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You really can't trust Wikipedia about matters of "grammatical correctness". I'm afraid that's quite wrong. There is no "subjunctive" to "take" in English, and in any case so that does not govern an untensed that-clause the way, say, important does.

  • It's important that they be on time tomorrow.

Untensed that-clauses (which are often called "subjunctive") are just one more variety of complement, like infinitives without to or embedded questions, and in Modern English these are governed by predicates, not conjunctions.

Patrick Henry famously said "If this be treason, make the most of it." That was over 200 years ago. However, nobody talks (or writes) that way any more.

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Could you perhaps include a good source which would back up your claim that this is not subjunctive, but rather an "untensed that clause". I googled the latter term and didn't find anything useful. [One of the sources] (ebooks.unibuc.ro/filologie/cornilescu/3.pdf) implied that the term refers to examples like " For it to seem that John was late would be an erro" –  Armen Ծիրունյան Feb 20 '12 at 20:35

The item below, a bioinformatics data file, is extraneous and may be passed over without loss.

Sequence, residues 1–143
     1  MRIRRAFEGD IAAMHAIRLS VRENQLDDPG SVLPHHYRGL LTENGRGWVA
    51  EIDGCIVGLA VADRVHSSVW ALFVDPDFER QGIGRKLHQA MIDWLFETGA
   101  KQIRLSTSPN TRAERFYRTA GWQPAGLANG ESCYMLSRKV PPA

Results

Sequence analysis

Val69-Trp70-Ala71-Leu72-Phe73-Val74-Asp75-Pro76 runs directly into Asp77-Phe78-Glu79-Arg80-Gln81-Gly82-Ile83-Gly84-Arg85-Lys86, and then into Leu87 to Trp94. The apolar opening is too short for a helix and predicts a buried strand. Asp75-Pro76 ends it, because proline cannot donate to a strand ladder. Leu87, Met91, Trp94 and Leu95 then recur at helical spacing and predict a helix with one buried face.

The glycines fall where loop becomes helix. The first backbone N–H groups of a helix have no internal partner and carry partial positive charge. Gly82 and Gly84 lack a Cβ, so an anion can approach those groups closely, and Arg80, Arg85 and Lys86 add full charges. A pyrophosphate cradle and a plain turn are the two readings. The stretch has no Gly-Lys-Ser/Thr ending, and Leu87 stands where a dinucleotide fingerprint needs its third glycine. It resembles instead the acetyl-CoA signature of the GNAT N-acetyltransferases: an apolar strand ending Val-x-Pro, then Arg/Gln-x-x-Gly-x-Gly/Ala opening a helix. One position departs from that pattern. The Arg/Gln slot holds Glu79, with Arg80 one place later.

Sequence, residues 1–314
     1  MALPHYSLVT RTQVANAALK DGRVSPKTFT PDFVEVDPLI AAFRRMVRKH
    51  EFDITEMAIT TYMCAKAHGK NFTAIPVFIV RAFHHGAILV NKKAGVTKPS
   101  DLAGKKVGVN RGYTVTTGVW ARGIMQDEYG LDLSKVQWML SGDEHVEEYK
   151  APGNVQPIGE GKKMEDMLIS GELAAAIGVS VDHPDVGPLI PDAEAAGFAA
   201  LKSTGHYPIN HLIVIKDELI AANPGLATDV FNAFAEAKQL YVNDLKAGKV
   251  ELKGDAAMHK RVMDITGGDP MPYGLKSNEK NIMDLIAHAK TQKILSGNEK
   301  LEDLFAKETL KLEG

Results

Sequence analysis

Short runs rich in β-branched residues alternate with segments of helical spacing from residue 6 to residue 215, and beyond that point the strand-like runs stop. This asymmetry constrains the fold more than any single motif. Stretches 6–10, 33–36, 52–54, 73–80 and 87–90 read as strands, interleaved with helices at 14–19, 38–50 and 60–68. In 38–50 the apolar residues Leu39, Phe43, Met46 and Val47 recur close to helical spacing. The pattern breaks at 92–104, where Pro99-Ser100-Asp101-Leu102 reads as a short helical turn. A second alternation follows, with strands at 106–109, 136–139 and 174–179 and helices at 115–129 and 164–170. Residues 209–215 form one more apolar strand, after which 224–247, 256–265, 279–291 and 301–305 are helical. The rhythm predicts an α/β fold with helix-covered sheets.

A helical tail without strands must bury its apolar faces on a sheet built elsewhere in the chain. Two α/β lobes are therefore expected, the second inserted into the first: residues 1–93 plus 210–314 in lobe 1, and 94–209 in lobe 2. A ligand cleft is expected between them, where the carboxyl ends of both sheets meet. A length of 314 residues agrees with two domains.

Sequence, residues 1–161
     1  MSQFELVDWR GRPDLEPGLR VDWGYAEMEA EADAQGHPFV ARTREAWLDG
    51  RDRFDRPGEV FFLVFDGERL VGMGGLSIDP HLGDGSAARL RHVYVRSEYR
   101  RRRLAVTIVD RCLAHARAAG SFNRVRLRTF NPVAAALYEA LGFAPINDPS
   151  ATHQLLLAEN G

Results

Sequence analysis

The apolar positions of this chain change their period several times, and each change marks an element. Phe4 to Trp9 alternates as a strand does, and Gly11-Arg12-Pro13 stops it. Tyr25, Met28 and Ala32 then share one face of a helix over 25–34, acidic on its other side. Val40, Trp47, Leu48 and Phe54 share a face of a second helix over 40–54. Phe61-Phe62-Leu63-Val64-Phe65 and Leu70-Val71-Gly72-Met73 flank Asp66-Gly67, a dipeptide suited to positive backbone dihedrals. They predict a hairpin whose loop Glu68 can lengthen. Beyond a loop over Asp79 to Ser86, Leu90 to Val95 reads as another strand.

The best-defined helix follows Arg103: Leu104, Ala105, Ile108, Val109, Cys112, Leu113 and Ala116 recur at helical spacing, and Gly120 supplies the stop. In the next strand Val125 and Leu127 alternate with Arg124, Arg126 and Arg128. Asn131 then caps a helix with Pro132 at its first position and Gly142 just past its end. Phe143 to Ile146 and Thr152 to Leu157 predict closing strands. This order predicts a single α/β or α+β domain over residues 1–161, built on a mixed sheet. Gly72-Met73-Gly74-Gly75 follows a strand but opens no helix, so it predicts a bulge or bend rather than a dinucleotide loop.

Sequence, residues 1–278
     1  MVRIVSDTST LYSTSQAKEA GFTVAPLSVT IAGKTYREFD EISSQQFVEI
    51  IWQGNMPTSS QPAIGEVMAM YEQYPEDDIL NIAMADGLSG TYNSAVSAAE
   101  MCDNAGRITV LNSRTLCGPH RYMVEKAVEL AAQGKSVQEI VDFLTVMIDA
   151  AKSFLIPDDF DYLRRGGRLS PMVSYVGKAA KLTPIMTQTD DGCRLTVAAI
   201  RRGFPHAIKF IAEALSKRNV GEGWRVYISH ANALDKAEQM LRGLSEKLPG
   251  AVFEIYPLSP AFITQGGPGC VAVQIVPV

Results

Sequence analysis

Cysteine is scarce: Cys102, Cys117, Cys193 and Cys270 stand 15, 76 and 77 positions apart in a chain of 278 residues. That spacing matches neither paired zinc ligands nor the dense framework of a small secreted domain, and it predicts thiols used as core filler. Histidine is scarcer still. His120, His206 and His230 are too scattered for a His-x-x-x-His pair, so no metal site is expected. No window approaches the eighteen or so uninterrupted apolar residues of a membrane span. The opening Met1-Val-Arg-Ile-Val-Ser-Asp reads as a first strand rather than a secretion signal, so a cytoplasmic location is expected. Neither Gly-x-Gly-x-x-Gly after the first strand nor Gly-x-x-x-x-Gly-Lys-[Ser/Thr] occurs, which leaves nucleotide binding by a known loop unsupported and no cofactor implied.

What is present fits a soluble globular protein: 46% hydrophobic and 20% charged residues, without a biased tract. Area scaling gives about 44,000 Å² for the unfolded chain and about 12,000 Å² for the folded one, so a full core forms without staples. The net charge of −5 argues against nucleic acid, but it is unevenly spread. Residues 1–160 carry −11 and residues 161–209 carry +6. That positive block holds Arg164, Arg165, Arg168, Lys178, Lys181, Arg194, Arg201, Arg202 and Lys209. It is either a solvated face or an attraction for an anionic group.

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Far be it from me to argue, but who said there is no subjunctive in English? –  JeffSahol Feb 20 '12 at 20:38